MEADVILLE — David Underhill was clearing land that he had bought in what today is Huron County, Ohio, when he learned that the British and their American Indian allies were nearby.
It was 1812, and Underhill and a handful of other settlers were ready to flee south when they learned that the nearby army was actually the U.S. Army commanded by William Hull.
Underhill’s story of making a home in territory disputed by two armies is celebrated in a quilt that will be on display at Meadville’s Baldwin-Reynolds House Museum beginning today. The quilt is part of a traveling exhibit of 26 War of 1812-themed quilts.
The War of 1812 Bicentennial Quilt Exhibit features 30-by-70-inch “cot-to-coffin” quilts made in 18 states and three Canadian provinces.
Each quilt is true to the period in terms of the patterns, colors and fabrics used, said Kara Dunn, of the Great Lakes Seaway Trail, which sponsors the traveling exhibit.
Many of the quilts also tell a story of the war and the people involved. Interpretive panels accompany the quilts to share their stories.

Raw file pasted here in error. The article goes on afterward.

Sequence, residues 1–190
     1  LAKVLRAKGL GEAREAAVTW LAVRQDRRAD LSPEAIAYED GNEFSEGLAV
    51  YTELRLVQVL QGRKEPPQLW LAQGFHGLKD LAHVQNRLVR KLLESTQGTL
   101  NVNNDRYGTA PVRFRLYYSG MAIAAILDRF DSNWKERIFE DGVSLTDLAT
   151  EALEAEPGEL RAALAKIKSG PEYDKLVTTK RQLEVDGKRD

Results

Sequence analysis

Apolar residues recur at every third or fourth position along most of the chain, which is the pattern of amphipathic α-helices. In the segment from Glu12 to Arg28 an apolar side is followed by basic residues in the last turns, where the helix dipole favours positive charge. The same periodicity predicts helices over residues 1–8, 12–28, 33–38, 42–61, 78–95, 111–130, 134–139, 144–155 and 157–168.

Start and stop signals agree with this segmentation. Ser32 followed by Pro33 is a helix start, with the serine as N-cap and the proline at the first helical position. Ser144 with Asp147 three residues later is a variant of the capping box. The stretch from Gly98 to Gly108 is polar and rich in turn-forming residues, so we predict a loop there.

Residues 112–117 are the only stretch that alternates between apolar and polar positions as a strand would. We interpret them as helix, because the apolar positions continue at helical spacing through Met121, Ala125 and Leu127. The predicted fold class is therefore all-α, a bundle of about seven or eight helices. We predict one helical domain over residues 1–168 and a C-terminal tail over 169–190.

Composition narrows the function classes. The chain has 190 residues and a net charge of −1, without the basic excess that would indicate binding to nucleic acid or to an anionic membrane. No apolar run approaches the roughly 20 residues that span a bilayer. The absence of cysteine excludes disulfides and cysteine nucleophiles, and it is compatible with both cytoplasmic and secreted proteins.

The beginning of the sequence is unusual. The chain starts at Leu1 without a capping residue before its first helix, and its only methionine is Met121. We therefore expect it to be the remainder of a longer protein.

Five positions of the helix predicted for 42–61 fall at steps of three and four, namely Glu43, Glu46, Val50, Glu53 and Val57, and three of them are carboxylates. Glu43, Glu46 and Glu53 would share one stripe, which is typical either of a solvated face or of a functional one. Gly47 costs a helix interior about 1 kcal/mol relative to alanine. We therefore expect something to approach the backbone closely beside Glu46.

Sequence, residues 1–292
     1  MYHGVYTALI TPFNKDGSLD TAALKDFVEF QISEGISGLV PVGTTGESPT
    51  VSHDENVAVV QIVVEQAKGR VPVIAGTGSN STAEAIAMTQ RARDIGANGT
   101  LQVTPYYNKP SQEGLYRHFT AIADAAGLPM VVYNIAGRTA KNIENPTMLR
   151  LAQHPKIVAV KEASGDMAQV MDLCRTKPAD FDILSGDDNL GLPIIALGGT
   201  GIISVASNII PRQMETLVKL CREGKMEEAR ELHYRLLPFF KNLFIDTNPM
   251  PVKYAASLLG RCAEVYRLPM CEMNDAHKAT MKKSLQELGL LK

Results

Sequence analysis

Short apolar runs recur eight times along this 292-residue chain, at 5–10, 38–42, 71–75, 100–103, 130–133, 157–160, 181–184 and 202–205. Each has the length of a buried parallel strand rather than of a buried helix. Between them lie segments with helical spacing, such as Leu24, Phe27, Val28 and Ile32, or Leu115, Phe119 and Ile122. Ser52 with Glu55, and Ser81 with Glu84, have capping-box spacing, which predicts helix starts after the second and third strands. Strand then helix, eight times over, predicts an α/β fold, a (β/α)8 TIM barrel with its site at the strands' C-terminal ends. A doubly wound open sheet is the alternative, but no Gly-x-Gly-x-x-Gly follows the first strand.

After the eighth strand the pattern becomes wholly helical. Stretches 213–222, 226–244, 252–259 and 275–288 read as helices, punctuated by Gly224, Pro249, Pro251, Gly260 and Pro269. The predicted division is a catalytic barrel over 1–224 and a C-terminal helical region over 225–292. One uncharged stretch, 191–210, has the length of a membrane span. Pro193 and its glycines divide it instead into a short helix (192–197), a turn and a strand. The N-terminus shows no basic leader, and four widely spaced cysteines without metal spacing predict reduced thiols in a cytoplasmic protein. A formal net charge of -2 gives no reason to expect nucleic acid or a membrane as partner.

Cambridge Springs quilt artist Jill Meszaros researched her family history for inspiration for the “Underhill Tree of Life” quilt that she made for the exhibit.
She thought about David Underhill’s wife, at home in eastern New York state in 1812, while she stitched.
“I envisioned her at home with the children while he was making a new home for them in Ohio, working on a quilt to pass the lonely hours without him,” Meszaros said.
Every quilt, new and old, is a history lesson, Meszaros said.
“They tie us to the past and to women just like us but living in a different time period, women who expressed themselves in fabric and thread,” she said.
Meszaros’ quilt won second place in People’s Choice balloting during the exhibit opening in Sackets Harbor, N.Y., this spring.
Meszaros will lecture on quilting styles of the 1812 era during the exhibit. Linda Bolla, of the Erie Maritime Museum, will lecture on the nations involved in the War of 1812.